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Inmate sex-change request gets new look

/ Source: The Associated Press

The new commissioner of the state's prison system said Tuesday he plans to re-examine the case of a convicted killer suing the Department of Correction to try to get a sex-change operation.

Prison officials have strenuously opposed a request from Michelle Kosilek to have the surgery, saying it could make her a target for sexual assault by other inmates.

But DOC Commissioner Harold Clarke, who took over the department in November, said he has not decided yet whether to continue to fight Kosilek's request.

"I need to take a look at the information presented before I arrived, and with a fresh set of eyes, closely scrutinize it," Clarke said after a status hearing on Kosilek's federal lawsuit.

Robert Kosilek was sentenced to life in prison for murdering his wife, Cheryl, in 1990. Kosilek legally changed her name to Michelle in 1993 and has been living as a woman in an all-male prison in Norfolk.

Kosilek first sued the Department of Correction in 2000, claiming its refusal to pay for a sex-change operation violates her Eighth Amendment right against cruel and unusual punishment.

In 2002, U.S. District Judge Mark Wolf ruled that prison officials had failed to adequately treat Kosilek's gender identity disorder, but he stopped short of ordering the state to allow the sex-change operation. Wolf found that the DOC had not violated Kosilek's Eighth Amendment rights because Kosilek did not prove that the correction commissioner had shown "deliberate indifference" to Kosilek's medical needs.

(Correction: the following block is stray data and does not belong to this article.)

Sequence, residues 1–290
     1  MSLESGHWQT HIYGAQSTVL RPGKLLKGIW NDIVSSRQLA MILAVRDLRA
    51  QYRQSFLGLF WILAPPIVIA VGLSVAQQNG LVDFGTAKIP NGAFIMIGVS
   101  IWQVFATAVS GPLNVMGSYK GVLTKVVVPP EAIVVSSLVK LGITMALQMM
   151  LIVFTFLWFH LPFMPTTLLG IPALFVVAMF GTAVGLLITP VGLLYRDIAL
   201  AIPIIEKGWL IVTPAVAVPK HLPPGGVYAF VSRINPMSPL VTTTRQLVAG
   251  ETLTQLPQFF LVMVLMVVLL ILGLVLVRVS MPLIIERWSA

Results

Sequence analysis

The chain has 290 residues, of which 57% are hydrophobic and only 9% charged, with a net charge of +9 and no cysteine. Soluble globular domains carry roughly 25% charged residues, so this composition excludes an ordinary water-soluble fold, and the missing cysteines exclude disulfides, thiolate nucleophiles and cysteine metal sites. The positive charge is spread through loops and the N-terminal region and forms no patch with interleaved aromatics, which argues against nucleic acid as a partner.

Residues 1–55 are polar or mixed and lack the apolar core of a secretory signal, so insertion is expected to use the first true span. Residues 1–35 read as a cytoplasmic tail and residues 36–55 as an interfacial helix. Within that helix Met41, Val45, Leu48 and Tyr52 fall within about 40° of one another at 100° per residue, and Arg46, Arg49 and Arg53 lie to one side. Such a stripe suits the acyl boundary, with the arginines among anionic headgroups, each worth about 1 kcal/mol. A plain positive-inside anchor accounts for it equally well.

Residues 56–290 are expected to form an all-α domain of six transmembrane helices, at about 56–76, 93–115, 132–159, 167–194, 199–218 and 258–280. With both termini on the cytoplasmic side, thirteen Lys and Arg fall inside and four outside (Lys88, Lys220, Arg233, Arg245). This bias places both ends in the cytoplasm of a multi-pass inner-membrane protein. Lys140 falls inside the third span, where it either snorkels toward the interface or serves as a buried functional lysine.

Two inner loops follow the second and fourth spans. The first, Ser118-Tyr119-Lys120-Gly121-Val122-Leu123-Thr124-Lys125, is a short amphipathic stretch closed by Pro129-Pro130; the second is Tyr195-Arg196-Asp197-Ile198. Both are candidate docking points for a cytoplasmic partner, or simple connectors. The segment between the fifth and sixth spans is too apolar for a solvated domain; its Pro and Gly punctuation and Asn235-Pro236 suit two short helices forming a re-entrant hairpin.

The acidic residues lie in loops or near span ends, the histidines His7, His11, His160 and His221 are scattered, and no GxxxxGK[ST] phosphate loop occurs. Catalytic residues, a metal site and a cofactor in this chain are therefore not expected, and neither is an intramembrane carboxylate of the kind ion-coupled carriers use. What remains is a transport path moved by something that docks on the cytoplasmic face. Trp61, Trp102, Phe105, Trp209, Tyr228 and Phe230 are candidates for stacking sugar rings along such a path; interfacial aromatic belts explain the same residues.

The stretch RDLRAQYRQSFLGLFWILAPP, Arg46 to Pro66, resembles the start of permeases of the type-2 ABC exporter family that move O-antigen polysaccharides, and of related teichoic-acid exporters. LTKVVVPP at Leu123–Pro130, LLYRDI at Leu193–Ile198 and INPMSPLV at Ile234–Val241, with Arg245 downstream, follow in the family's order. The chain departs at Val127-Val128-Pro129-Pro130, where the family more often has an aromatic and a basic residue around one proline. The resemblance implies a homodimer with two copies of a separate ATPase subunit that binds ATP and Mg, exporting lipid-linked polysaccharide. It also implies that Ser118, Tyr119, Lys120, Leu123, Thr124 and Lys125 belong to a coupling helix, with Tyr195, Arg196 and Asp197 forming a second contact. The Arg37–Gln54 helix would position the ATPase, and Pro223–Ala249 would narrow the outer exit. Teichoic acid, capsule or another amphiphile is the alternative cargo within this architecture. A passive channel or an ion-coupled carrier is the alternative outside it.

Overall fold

Kosilek, 58, sued again in 2005, saying the hormone treatments, laser hair removal and psychotherapy she has received since Wolf's 2002 ruling were not enough to relieve her anxiety and depression.

For the past year, Wolf has been weighing whether to order the DOC to allow the surgery. Several medical experts who testified for Kosilek, as well as several doctors retained by the DOC's health provider, said they believe the surgery is medically necessary for Kosilek, who has twice tried to commit suicide in prison. But other experts hired by the DOC said Kosilek does not need the surgery.

Kosilek's request was strenuously opposed by Clarke's predecessor, Kathleen Dennehy, an appointee of Republican former Gov. Mitt Romney. Romney's successor, Gov. Deval Patrick, a Democrat, appointed Clarke.

Wolf ordered Clarke to attend Tuesday's hearing after Kosilek's attorneys said they wanted to hear Clarke's position on the case. He is scheduled to testify on May 12.